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divine principle that we shall most dispose persons of various sentiments to act in concert with us. It is this which neutralizes and disarms opposition. The eloquence of a consistent, benevolent temper and life is never without its effect. The light of a holy example shines around. In this peaceful victory of holiness and truth let us persevere. The spirit of love will dispose an adversary to listen to a calm defence of our faith. All arrogance, all airs of superiority, all harshness of manner, all over-statements, will be banished from our friendly and affectionate efforts, and the path of truth be smoothed and rendered inviting. Religion is not so much a matter of intellectual effort as of the obedience of the heart and affections.
We have no more reason to think a being endued with living powers ever loses them
tban to believe that a stone ever acquires them.-Butler.
Our organized bodies are no more ourselves, or part of ourselves, than any other matter around us ; therefore we have no reason to believe their destruction to be ours. Now, things of this kind unavoidably teach us to distinguish between these living agents, ourselves, and large quantities of matter in which we are very nearly interested ; since these may be alienated, and actually are in a daily course of succession and changing their owners ; whilst we are assured that each living agent remains one and the same permanent being. If we consider our body somewhat more distinctly, as made
of instruments of perception and of motion, it will bring us to the same conclusion. Thus, the common optical experiments show, and even the observation how sight is assisted by glasses shows, that we see with our eyes in the same sense as we see with glasses. Nor is there any reason to believe that we see with them in any other sense ; any other, I mean, which would lead us to think the eye itself a percipient. And if we see with our eyes only in the same manner as we do with glasses, the like may justly be concluded, from analogy, of all our other senses. And that we have no reason to think our organs of sense percipients, is confirmed by instances of persons losing some of them, the living beings themselves, their former occupiers, remaining unimpaired. It is confirmed also by the experience of dreams; by which we find we are at present possessed of a talent, and what would otherwise be an unimagined unknown power, of perceiving sensible objects in as strong and lively a manner without our external organs of sense as with them. There are instances of mortal diseases
which do not at all affect our present intellectual powers; and this affords a presumption that those diseases will not destroy these present powers; for in those diseases, persons, the moment before death, appear to be in the highest vigour of life. They discover apprehension, memory, reason, all entire ; with the utmost force of affection ; sense of a character, of shame and honour ; and the higbest mental enjoyments and sufferings, even to the last gasp; and these surely prove even greater vigour of life than bodily strength does. And there appears so little connection between our bodily powers of sen. sation and our present powers of reflection, that there is no reason to conclude that death, which destroys the former, does so much as suspend the exercise of the latter, or interrupt our continuing to exist in the like state of reflection which we do now; so that our posthumous life, whatever there may be in it additional to our present, yet may not be entirely beginning anew, but going on. And thus, when we go out of this world, we may pass into new scenes and a new state of life and action, just as naturally as we came into the present.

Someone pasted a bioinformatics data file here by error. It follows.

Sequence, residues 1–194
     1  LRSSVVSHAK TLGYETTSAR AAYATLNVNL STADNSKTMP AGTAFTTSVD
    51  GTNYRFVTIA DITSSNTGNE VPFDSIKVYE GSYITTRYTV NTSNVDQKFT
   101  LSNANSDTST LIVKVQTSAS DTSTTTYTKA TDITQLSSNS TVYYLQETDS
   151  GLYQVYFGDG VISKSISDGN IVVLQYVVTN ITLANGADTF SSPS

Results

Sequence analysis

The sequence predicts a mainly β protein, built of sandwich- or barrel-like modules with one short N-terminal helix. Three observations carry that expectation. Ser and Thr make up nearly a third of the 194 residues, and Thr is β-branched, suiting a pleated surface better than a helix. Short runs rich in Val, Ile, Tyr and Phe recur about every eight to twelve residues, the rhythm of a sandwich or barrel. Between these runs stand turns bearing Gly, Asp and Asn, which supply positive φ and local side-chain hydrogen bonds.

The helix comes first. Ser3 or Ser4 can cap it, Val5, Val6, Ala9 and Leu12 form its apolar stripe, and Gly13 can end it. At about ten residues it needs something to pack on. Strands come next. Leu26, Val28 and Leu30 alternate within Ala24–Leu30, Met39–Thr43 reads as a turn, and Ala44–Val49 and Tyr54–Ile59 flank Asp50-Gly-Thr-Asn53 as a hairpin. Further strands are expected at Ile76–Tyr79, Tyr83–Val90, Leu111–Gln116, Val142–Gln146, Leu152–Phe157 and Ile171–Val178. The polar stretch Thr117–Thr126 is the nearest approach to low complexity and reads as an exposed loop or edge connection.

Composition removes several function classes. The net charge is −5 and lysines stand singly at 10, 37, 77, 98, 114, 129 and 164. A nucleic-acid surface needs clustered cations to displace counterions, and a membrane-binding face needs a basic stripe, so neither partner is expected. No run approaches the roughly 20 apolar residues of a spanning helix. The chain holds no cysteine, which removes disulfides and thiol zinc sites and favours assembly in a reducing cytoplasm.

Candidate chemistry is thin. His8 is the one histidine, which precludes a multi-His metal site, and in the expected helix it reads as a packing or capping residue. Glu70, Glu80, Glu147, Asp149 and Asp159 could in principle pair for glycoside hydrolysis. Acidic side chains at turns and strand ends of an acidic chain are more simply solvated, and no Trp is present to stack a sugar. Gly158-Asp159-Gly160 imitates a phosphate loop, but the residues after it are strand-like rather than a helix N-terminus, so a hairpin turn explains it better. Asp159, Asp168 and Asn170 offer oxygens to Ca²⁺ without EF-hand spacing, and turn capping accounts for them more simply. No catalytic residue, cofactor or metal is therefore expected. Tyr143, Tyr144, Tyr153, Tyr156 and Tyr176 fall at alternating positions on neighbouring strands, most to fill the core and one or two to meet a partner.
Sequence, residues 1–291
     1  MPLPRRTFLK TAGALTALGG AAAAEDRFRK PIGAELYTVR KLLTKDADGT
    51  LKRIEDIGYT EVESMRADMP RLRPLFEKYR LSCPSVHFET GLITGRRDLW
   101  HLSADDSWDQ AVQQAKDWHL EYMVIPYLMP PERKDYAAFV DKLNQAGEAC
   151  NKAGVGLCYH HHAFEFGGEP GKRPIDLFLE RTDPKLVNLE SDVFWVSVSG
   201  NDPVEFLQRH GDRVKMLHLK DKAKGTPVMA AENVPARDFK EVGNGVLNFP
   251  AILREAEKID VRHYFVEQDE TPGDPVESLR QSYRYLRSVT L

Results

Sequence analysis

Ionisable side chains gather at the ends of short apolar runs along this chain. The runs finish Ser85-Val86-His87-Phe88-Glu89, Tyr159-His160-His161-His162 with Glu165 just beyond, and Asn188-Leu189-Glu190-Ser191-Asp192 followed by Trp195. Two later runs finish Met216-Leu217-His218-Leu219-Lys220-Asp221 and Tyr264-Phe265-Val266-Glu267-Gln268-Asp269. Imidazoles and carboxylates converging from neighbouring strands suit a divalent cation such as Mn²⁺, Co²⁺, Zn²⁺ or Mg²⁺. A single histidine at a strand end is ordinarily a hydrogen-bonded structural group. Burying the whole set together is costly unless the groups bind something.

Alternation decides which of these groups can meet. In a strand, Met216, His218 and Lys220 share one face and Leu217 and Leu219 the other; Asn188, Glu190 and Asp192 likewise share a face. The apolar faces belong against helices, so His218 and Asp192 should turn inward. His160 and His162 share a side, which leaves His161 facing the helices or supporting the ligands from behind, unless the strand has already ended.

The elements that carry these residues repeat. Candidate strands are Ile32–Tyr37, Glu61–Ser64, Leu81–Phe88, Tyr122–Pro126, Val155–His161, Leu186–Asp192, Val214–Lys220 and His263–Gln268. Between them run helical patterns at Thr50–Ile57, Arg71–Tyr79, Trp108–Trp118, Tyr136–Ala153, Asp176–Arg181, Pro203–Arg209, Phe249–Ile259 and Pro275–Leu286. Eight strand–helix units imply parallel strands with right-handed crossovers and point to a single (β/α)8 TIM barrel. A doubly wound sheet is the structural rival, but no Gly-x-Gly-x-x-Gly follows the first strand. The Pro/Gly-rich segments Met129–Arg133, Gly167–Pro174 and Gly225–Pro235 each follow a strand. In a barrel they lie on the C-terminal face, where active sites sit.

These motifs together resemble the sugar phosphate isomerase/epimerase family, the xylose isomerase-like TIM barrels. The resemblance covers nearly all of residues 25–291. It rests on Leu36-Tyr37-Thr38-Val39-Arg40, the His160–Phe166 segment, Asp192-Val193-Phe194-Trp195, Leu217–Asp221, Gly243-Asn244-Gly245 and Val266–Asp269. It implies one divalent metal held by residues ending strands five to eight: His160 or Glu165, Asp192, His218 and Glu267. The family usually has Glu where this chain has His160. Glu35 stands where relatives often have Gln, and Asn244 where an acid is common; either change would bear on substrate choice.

Though we may imagine a constitution of nature in which these natural punishments, which are in fact to follow, would follow immediately upon such actions being done, or very soon after; we find, on the contrary, in our world, that they are often delayed a great while, sometimes even till long after the actions occasioning them are forgot: so that the constitution of nature is such, that delay of punishment is no sort nor degree of presumption of final impunity.
WE ascribe to God a necessary existence uncaused by any agent. For we find within ourselves the idea of infinity, that is, immensity and eternity, impossible, even in imigination, to be removed out of being. We seem to discern, intuitively, that there must, and cannot but be, somewhat external to our. selves answering this idea, or the archetype of it.
When a fatalist asserts that everything is by necessity, he must mean, by an agent acting necessarily: he must, I say, mean this; for I am very sensible he would not choose to mean
Suppose, then, a fatalist to educate one from his youth up in bis own principles ; that the child should reason upon them, and conclude, that since he cannot possibly behave otherwise than he does, he is not a subject of blame or commendation, nor can deserve to be rewarded or punished; I cannot forbear stopping to ask, whether any one of common sense would think fit that a child should be put upon these speculations,